A group of property investors who lost their deposits after a developer succumbed to the recession before even starting work on a luxury block of flats have had their hopes of getting their money back boosted by a High Court ruling.
The 23 private investors, who had agreed to buy flats between 2005 and 2007, were left £357,800 out of pocket when the developer was first placed in administration and then dissolved, effectively ceasing to exist. They claimed under an insurance policy which had been put in place by the developer to protect 'off-plan' purchasers.
The investors sued the insurers after they refused to pay out under the policy, which was stated to protect them if the developer went into liquidation. The insurers argued that the technical wording of the policy relieved them of liability but, following a preliminary hearing, the Court in most respects preferred the investors' reading of the policy. Remaining issues in the case were adjourned for hearing on another day.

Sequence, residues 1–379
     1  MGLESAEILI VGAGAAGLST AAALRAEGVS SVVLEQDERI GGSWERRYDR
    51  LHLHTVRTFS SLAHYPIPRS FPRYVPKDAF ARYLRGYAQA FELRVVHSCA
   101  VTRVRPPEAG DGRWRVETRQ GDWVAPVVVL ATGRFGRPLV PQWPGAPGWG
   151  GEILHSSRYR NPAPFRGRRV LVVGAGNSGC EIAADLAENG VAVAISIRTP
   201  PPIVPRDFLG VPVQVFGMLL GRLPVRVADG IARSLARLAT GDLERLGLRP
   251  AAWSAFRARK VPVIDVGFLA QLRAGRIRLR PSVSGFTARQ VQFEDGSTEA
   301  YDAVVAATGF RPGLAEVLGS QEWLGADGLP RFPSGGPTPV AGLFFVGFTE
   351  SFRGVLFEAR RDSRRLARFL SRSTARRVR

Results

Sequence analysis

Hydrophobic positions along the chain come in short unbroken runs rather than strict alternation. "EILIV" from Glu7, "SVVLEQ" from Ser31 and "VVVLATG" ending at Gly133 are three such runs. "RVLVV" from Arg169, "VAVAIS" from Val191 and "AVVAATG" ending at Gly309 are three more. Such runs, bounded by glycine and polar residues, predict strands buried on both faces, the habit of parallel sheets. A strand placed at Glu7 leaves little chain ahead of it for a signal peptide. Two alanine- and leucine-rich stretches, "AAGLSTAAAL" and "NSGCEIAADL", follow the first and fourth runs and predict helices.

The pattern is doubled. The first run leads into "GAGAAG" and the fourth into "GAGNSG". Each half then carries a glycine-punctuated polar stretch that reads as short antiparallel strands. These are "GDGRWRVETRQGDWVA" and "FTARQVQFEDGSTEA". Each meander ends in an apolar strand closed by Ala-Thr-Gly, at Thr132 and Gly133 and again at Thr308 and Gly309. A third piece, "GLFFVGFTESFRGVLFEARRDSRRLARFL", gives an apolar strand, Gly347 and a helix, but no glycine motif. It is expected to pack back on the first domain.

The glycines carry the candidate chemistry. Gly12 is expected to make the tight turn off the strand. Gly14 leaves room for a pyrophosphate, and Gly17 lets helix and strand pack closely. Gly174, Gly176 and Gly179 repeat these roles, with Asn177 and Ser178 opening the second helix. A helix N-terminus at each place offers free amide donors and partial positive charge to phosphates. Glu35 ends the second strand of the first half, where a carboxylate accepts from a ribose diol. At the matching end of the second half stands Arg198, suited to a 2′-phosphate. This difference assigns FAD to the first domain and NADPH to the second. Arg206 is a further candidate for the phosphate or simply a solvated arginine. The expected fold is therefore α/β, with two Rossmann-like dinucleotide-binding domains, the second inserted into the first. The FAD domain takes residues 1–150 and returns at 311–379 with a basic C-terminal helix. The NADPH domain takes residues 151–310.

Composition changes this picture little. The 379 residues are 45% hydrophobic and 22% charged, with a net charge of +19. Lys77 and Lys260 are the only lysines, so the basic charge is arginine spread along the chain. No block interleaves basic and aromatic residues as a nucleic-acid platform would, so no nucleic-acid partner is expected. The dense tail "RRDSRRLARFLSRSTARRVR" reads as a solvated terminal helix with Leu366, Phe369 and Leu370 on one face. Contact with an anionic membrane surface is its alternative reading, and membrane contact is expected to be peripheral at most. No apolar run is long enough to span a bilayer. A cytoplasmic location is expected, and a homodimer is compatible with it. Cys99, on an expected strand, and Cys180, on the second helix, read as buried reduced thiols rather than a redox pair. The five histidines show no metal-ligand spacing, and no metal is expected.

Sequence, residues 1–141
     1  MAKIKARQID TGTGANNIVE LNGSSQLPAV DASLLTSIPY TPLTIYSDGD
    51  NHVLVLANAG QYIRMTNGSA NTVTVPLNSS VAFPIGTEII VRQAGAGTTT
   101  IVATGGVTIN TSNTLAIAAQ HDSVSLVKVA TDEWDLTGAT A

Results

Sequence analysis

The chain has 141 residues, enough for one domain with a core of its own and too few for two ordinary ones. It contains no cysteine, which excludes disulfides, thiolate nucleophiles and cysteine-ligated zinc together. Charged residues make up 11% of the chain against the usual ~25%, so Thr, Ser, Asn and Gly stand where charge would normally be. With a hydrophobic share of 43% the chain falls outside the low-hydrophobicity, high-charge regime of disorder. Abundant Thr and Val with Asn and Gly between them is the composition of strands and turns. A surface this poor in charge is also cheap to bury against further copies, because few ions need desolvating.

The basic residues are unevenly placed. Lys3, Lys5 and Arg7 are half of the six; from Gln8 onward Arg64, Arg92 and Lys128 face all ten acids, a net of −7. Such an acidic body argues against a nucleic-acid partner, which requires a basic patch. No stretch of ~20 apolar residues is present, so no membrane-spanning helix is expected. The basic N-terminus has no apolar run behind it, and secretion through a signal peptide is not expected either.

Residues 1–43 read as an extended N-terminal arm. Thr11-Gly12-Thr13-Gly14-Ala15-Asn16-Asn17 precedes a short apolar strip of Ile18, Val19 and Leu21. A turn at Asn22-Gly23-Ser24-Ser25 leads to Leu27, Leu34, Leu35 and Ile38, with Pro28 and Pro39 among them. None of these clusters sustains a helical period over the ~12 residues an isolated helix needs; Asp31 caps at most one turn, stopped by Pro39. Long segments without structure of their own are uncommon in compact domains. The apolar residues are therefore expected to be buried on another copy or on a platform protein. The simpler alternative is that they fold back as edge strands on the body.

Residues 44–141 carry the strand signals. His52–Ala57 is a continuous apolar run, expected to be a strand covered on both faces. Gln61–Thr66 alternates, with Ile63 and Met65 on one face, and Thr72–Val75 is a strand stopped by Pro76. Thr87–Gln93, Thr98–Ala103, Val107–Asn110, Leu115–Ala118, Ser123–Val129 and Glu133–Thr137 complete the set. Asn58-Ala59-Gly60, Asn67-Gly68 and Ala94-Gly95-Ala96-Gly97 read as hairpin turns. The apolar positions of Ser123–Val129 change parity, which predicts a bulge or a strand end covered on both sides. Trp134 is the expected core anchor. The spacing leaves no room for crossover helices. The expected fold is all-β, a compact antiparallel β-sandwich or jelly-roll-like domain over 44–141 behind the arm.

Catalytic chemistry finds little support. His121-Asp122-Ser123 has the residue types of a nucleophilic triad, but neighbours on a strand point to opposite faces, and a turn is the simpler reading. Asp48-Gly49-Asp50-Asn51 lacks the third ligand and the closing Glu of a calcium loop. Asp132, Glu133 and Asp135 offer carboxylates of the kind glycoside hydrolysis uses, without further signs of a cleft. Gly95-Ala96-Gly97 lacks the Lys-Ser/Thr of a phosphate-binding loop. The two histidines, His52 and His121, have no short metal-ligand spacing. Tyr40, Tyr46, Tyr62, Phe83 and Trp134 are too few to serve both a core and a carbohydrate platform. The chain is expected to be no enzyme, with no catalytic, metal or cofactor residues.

Buying off plan carries risks that a purchase of an already existing property does not. If you are intending to do so, we can assist you to make sure your financial and other risks are controlled. The existence of an insolvency insurance policy does not mean that a claim under the policy will be met without argument by the insurer.